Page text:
While a few outlets covered this burgeoning product as something like Facebook’s answer to the “customer support” emails and texts from days of yore, it went pretty much unnoticed by most outlets that (rightfully) saw the API as a pretty boring piece of adtech. Brands, on the other hand, couldn’t be more jazzed about the idea, and they kept on being jazzed while WhatsApp adopted new features meant to make it more commerce-friendly.
By 2020, WhatsAppers based in India weren’t only using WhatsApp to talk to their pet sitters—they were scrolling through WhatsApp-specific catalogs for new shoes, plunking their selected pair into a WhatsApp-specific cart, and then using a WhatsApp-specific payment processor to pay for their new kicks before following up with WhatApp to make sure their order arrived on time.
More brand appeal means more brands are flocking to plug into this API. In 2018, WhatsApp initially opened access to the new platform to roughly 100 hand-picked partners, like Netflix, Uber, and a few hotels and banks in regions where WhatsApp is the SMS platform of choice. Some analysts estimated that a year later, the number of enterprises plugged into the API went from 100 to roughly 1,000. At its current rate, the team said, WhatsApp is on track to get close to 55,000 businesses using this API by the end of 2024, all collectively racking up a hefty $3.6 billion in messaging fees.
The thing is, it’s really hard to goad a brand to drop that kind of cash on your product when they can’t even read what their customers are saying because, again, WhatsApp’s chats are encrypted by default. This was one of the sticking points that ultimately led to Koum’s exit, according to the Washington Post: Facebook wanted to turn WhatsApp into a business-friendly platform, and WhatsApp’s team fired back that they couldn’t build that platform without weakening WhatsApp’s native encryption in some way.
They were right. But Facebook—again, being Facebook—didn’t really seem too bothered by the idea of baking a brand-sized loophole into an encrypted platform. But to trace this back which policy change ended up biting WhatsApp in the ass the most when it rolled out these new policies, you could say some of the creepiest parts actually stem from this one decision.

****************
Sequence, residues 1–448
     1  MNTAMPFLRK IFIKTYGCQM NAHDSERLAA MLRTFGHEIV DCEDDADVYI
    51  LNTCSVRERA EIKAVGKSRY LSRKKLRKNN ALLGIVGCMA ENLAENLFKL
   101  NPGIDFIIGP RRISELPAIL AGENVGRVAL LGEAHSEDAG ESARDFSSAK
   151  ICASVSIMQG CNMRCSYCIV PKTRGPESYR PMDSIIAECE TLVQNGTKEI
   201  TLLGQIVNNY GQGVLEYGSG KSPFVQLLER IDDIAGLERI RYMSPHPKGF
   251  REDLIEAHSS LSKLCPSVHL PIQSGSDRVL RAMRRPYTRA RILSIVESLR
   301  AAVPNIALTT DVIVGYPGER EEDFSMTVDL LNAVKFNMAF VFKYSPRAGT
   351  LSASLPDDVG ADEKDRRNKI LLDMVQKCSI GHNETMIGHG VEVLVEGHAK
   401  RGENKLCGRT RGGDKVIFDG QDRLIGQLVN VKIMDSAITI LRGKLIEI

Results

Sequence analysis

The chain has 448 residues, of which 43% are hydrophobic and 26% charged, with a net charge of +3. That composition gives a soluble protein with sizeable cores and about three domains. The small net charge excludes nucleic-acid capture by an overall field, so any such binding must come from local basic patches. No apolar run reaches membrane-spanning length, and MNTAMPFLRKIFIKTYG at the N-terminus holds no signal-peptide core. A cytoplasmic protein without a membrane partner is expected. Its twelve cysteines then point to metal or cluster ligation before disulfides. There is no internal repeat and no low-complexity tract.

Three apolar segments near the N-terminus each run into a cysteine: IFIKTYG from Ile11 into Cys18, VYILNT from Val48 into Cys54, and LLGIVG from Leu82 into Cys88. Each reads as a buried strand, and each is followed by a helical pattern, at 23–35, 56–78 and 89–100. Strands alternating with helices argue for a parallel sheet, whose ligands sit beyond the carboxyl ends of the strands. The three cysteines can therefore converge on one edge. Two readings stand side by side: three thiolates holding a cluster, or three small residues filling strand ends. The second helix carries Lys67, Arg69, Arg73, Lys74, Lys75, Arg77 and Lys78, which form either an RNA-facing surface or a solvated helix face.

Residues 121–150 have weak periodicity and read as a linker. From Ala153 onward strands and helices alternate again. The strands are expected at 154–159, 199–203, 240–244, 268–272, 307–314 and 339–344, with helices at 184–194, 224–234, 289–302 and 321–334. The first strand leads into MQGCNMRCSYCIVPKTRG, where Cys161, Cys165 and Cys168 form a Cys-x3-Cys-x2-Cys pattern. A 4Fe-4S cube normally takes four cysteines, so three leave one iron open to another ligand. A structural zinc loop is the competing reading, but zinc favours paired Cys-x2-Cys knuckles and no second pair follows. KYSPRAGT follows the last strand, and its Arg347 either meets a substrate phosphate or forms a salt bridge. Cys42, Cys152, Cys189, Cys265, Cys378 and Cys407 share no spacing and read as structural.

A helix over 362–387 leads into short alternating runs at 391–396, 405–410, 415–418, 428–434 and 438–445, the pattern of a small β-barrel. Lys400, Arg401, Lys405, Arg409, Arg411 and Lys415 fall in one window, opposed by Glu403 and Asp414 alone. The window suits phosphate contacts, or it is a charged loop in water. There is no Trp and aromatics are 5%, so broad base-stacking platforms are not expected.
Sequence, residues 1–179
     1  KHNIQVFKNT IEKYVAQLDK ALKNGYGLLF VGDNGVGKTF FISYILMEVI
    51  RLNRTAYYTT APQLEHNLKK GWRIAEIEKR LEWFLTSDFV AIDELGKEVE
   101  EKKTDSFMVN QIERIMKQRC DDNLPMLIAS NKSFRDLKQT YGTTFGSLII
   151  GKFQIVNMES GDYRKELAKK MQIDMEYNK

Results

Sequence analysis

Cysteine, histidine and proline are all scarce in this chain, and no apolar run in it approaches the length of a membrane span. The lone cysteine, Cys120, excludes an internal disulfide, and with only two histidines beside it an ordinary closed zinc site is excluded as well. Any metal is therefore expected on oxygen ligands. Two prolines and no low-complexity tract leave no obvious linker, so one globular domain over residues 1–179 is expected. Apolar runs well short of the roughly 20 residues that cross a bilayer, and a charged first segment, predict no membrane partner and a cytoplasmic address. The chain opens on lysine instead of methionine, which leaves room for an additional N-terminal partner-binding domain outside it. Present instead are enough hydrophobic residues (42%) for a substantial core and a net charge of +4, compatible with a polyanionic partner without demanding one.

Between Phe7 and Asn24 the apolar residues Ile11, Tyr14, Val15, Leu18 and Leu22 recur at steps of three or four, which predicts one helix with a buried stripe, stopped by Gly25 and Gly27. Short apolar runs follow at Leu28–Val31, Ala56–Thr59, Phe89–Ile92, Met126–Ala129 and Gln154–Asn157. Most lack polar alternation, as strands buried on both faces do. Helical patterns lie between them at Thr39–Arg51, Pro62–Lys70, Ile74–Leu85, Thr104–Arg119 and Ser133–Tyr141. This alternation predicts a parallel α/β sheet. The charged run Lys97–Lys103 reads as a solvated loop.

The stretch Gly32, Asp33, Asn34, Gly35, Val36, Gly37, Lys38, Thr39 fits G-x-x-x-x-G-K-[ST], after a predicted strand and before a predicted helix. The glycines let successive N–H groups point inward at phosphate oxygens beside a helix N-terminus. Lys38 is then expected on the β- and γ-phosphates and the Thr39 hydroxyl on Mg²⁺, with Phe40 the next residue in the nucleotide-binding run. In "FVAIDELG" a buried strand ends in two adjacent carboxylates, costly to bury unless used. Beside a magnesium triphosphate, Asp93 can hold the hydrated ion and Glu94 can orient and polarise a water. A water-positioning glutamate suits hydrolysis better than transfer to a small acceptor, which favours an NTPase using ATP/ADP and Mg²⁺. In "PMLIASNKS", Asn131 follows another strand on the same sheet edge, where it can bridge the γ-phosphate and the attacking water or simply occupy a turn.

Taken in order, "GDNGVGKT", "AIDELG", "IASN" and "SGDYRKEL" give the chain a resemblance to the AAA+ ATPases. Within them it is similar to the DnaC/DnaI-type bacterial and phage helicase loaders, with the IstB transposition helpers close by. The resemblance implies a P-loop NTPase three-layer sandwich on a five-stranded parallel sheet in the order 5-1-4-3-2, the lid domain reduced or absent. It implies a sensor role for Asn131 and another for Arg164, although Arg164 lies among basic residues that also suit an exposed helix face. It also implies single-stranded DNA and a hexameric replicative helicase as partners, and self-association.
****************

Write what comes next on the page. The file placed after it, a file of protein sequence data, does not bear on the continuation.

So instead of parsing apart... all of that, let’s go straight to the source. The Business API’s source code is actually easily searchable on Facebook’s dev-facing site, which means you can also find the data points this API hoovers from WhatsApp proper, and how it could—at least potentially—bypass WhatsApp’s encryption to do so. Or if you want, you can just visit this surprisingly cogent FAQ that literally asks “Is end-to-end encryption maintained through the WhatsApp Business API?.” WhatsApp’s response, which we emphasized here is just... something (emphasis ours):
WhatsApp considers communications with Business API users who manage the API endpoint on servers they control to be end-to-end encrypted since there is no third-party access to content between endpoints.
Some organizations may choose to delegate management of their WhatsApp Business API endpoint to a third-party Business Solution Provider. In these instances, communication still uses the same Signal protocol encryption. However, because the WhatsApp Business API user has chosen a third party to manage their endpoint, WhatsApp does not consider these messages end-to-end encrypted. In the future, in 2021, this will also apply to businesses that choose to leverage the cloud-based version of the API hosted by Facebook.
In addition, if you are using HTTPS when making calls to the WhatsApp Business API client, that data is SSL-encrypted (from your backend client to the WhatsApp Business API client).
Or put another way, WhatsApp’s telling us that when we have conversations with the business or brand on the platform—and that business or brand happens to be working with a given number of third parties—the encrypted WhatsApp we’re used to using goes out the window.